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“And let us consider how we may spur one another on toward love and good deeds.”
Hebrews 10:24

As  I’ve mentioned, my home church is going through a time of transition.  Our pastor retired and we are in the process of hiring first an interim pastor (think long-term substitute) and then a new pastor.  While we are in this period of transition, sometimes members of our congregation fill the pulpit, leading the service and preaching.  Other weeks, we bring in a pastor from Presbytery.

A few weeks ago, one of the pastors preached on looking forward.  He meant looking forward to what you can do for God vs looking back and resting on your laurels.  “I’ve already served on that committee/helped plan the picnic/sung in the choir.  Now is my time to take it easy.”  But this idea of looking forward has stuck with me as I consider Ruth’s request to continue writing on how we judge others.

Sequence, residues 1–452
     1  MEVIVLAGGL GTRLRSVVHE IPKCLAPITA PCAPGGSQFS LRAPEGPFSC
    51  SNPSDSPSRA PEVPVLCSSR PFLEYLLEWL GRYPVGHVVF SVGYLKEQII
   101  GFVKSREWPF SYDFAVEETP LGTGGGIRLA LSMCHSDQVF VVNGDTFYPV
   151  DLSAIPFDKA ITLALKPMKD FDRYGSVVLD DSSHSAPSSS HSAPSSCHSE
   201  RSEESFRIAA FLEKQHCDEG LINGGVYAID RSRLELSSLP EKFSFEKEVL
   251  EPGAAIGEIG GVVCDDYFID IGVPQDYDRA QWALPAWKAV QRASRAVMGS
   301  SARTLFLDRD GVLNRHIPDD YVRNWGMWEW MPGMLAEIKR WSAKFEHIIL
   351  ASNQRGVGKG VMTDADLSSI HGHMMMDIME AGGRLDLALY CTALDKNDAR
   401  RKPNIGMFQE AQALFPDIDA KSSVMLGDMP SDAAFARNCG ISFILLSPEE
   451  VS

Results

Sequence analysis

Looking forward, we see what could be – new friendships, new chances to serve.

Looking backwards, we see traditions, past hurts and old habits.  They mire us down and harden our hearts (thus the pillar of salt reference).

And I’m as guilty of looking back as the next person in spite of the fact that I know it hardens my heart, especially in one situation.  My problem is that I truly dislike a boy my son has to deal with.  He talks trash in the extreme and strikes out at other kids.  Catch him at it – mid-kick or with an ice chunk flying from his hand – and he’ll look you in the face and lie. “I didn’t do it.”

But I’m also sure that I tend to make the situation worse.  Why?  Because I catch myself looking for his next transgression.

How different would the situation be if I tried to see him as God sees him?  A blessed, if troubled, child.  Someone worthy and deserving of love.  What if, instead of looking back and seeing all of the things he’s done, I looked forward?  What if I saw possibilities instead of past transgressions?  Instead of simply policing him, I might be able to encourage him with an eye to his future.

It isn’t going to be easy, but not many things worth doing are.



Have a Mary Little Christmas

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